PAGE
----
Before setting out on the walk, Mr. Franzen cheerily agreed that it wasn’t the right season for birding. “It’s the worst time.”
Strolling toward the park’s Ramble, Mr. Franzen said he first became deeply interested in birding about 10 years ago, when a relative took him to the park and explained some of its avian residents. “I thought I knew the park,” Mr. Franzen said. “I realized I didn’t know anything about the park at all.”
Since then, Mr. Franzen has written at length about his passion for birds, and the cerulean warbler was featured on the front cover and in the plot of his best-selling novel “Freedom.”
The first notable sighting Tuesday was a cedar waxwing. When I pointed at it to guide a fellow amateur’s eye, the birder Starr Saphir gently admonished me. It turns out that birding in a group requires suppressing the strong instinct to point toward your sightings. Sudden motion, even from a good distance, can spook birds into flying away.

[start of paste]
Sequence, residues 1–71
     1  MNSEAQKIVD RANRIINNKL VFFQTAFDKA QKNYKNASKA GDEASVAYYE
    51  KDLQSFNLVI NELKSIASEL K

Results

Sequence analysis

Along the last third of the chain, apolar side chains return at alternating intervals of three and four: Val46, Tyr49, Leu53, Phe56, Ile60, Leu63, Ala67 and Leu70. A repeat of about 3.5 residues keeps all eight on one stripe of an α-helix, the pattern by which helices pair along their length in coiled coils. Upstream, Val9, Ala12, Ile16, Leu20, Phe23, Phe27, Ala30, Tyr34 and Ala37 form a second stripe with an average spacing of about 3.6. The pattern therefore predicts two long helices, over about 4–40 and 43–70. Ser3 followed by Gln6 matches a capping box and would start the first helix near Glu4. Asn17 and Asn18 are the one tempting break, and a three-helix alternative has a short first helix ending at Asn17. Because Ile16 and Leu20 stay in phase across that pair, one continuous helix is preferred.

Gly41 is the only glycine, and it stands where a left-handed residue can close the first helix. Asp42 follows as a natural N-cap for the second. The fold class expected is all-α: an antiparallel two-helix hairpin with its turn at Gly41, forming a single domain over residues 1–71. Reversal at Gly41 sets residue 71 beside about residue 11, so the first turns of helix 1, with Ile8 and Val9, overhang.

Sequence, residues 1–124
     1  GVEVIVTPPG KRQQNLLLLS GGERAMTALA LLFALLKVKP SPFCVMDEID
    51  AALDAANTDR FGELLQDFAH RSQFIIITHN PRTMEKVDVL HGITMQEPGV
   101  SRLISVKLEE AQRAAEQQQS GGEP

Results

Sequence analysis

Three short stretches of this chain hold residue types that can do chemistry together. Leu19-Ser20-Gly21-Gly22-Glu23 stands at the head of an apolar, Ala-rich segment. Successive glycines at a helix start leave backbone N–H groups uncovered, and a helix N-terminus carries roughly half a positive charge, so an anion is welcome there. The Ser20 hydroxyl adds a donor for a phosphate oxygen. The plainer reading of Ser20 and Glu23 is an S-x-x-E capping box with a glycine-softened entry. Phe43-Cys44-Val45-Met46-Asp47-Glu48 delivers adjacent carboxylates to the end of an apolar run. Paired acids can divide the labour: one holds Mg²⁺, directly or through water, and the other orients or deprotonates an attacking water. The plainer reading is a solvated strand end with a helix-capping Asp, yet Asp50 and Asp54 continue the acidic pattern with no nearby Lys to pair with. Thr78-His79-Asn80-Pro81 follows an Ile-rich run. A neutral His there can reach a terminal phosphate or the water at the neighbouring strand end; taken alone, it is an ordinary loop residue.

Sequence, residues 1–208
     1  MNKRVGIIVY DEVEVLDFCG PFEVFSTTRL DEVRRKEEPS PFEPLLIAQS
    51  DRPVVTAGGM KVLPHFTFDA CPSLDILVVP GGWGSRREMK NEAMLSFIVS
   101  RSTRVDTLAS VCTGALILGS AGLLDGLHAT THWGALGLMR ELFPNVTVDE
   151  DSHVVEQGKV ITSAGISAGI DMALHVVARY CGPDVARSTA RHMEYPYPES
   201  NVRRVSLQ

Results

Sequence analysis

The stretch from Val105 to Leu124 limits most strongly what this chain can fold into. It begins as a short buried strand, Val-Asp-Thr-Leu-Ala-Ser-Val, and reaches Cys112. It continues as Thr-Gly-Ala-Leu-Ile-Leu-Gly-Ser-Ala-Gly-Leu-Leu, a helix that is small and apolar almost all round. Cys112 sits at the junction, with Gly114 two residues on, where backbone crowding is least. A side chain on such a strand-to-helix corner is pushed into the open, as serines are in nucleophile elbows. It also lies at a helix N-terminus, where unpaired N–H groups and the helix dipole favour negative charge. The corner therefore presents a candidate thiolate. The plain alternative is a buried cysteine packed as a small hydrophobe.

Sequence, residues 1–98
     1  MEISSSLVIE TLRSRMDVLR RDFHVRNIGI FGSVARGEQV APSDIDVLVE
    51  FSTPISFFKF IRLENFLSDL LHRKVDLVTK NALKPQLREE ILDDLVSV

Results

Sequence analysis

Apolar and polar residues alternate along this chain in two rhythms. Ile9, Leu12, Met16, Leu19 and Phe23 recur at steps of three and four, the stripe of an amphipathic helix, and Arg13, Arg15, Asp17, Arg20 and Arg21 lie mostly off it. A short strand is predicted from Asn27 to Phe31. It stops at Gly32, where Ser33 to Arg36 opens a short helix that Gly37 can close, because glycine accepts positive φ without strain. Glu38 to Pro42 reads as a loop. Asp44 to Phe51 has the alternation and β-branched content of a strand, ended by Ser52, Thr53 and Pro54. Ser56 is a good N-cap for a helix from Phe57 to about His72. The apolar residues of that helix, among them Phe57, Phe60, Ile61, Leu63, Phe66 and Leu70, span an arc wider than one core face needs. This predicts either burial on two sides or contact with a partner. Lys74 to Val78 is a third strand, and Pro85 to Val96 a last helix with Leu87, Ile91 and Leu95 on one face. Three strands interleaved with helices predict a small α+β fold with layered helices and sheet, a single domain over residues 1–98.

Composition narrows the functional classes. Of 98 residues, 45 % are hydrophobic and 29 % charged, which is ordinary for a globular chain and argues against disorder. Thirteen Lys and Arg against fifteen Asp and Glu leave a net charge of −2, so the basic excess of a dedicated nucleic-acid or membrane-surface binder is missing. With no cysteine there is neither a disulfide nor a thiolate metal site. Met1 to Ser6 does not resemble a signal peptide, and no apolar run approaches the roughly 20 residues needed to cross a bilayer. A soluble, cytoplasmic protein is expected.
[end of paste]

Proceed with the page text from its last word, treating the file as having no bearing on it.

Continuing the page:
The tour ended up at the park’s Belvedere Castle, where Mr. Franzen spotted an eastern kingbird near the water below us. He sounded excited, so I asked him if it was a rare bird. “No,” he said flatly, but then clarified that it was “rare for today,” given that only one family of the bird is likely in the park at this time of year.
We talked a bit more, and suddenly he shouted, “Red-tailed hawk!” and everyone lifted their binoculars in unison. The hawk, also rare for the season, was ascending, hectored by three much smaller birds looking to drive it away. “They’re like fighter jets on a 747,” Mr. Franzen said.